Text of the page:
The KEF LSX, by contrast, was a breeze. Rather than a seemingly never-ending series of screens, the LSX Control app gave me a simple six-step process to getting the speakers set up. And much to my delight, this process allowed me to set up both speakers at the same times, and when it was all over, they worked together as one system, whereas the Beoplay and Bluesound speakers needed to be linked and re-linked constantly. The only thing that felt slightly confusing about the KEF speakers was the presence of a second LSX Remote app that I could use to stream music and make surprisingly precise equalizer adjustments. The KEF speakers were the only set that required two apps instead of one, and it wasn’t immediately apparent that one was for setup and one was for control. It wasn’t rocket science, either. Plus, most of the time, I just accessed the speakers through the Spotify app, though, so this wasn’t a big deal.
Then there’s the Sonos setup process. It’s so simple and slick, I couldn’t believe how frustrating the Beoplay and Bluesound processes felt in retrospect. The KEF setup was smooth but still second to Sonos.
In some cases, design can be a subjective thing. If you’re talking about aesthetics, some people might want a speaker that looks like a speaker while others might prefer a speaker that looks like a small fuzzy trashcan. But for the purposes of this battle, we adopted a broader, more objective definition of design that took into account looks as well as the overall user experience. That also included studying how each pair of speakers was designed to work with larger home audio systems.
The Beoplay M5, I will admit, is one of the most attractive speakers we tested. It’s a sleek column of fabric with an almost invisible base and an innovative aluminum control wheel on the top. You can twist the top to adjust volume and tap to pause. You can also swap out that fabric sleeve for other colors—each one costs $90—and it almost goes without saying that the speaker could become a conversation piece in your home. The Beoplay also features 360-degree sound thanks to a mid-woofer in the front, tweeters on all sides, and subwoofer on the bottom. But if you’re looking for a versatile speaker, this is not the one. The Beoplay M5 works with other Beoplay speakers in their wireless series, but it’s only input is a 3.5-millimeter audio jack.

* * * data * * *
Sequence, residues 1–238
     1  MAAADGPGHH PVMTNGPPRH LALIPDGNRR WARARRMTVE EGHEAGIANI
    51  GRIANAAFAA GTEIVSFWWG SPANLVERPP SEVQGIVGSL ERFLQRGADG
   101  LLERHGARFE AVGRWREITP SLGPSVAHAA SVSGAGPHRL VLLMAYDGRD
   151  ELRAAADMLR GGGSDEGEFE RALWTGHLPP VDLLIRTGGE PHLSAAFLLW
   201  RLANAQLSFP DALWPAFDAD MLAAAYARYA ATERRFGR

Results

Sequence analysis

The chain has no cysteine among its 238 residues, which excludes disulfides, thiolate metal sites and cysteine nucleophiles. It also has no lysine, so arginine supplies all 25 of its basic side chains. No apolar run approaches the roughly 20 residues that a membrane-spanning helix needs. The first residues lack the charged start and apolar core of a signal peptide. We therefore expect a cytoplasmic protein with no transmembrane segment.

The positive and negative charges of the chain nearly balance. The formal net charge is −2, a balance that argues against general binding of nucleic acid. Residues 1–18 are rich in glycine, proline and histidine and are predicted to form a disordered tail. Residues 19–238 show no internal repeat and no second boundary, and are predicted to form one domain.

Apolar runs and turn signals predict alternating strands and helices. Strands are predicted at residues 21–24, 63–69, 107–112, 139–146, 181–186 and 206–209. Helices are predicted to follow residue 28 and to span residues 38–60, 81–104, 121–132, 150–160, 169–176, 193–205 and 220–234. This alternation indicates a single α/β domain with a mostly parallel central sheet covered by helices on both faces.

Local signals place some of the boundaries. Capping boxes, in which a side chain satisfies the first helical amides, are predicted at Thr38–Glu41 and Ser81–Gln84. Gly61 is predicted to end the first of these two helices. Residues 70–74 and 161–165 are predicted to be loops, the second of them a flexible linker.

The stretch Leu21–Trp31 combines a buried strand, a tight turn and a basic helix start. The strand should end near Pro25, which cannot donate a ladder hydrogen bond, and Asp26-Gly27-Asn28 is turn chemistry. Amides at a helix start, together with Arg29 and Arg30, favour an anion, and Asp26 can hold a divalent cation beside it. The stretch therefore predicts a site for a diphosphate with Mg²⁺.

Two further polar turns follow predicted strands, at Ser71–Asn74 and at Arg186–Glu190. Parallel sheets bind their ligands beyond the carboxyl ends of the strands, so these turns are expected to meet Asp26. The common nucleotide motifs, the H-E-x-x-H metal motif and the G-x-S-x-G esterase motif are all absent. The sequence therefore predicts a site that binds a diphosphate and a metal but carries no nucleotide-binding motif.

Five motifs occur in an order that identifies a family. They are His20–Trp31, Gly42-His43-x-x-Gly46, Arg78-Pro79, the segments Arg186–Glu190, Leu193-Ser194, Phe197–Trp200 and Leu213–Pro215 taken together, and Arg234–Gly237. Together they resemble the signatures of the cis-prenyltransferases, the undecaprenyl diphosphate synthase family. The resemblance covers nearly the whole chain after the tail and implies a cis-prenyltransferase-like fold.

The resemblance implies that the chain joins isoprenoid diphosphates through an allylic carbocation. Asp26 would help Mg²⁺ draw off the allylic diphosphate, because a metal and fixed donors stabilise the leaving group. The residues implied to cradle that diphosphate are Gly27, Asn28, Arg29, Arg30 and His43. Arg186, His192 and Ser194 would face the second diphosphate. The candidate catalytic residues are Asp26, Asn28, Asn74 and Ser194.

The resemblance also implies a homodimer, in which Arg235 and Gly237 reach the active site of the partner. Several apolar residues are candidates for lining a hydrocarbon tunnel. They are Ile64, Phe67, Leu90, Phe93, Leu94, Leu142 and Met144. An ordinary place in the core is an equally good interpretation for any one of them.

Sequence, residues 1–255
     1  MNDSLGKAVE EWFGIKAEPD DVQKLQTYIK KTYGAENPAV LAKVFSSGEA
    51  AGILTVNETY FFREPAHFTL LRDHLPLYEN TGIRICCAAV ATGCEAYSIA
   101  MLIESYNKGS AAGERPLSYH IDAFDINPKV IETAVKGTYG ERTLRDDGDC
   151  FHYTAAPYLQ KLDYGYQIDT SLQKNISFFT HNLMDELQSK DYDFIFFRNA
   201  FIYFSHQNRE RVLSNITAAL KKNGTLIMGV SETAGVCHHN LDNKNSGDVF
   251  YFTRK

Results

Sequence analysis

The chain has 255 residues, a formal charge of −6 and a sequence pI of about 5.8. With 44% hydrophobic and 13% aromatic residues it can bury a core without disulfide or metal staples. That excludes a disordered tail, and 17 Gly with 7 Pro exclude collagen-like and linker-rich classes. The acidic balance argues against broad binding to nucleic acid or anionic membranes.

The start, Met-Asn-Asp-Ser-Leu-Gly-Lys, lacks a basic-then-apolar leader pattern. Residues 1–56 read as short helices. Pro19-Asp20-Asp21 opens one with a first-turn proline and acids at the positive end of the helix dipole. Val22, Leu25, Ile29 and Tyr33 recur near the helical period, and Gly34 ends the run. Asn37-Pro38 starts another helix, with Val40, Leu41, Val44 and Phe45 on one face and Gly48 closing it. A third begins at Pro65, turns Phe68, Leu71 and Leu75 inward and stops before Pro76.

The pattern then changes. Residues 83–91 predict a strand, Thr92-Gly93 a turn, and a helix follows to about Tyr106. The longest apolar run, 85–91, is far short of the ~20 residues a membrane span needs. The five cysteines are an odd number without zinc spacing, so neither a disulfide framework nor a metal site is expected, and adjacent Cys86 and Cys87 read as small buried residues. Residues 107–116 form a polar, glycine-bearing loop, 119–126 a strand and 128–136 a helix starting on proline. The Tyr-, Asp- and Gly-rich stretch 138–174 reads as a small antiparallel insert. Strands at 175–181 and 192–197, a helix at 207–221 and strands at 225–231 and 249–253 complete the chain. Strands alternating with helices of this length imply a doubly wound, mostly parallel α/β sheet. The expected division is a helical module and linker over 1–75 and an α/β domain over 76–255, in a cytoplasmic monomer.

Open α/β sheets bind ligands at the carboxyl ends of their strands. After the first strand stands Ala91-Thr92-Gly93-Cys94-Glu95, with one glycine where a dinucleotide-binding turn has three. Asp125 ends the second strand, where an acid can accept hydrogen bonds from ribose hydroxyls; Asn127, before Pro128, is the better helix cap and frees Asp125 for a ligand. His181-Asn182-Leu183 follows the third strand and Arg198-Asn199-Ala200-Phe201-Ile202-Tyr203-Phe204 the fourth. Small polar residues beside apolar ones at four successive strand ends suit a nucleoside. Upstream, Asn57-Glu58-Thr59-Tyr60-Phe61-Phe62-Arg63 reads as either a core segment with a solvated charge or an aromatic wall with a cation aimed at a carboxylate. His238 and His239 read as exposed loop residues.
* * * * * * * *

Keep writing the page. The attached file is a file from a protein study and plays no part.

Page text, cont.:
The Sonos Play:5 and the Bluesound Pulse Mini 2i tell similar stories. These two speakers could actually be cousins in terms of aesthetic appeal. Both sit wide and low, with a big speaker grill on the front that obscures their driver arrays. Both also feature a combination of tweeters and woofers. (The Bluesound Pulse Mini 2i has two tweeters that sit under two woofers, and the Sonos Play:5 has three tweeters that lineup on top of three mid-woofers.) When you turn the speakers around, however, it’s the same story of a single 3.5-millimeter input. The Bluesound speaker does come with an adaptor that lets you plug an optical audio cable into that input, but it’s obvious that these wireless speakers are designed primarily to work with other wireless speakers. I would also like to add that the Sonos Play:5 speakers are very big and heavy at 14 pounds apiece.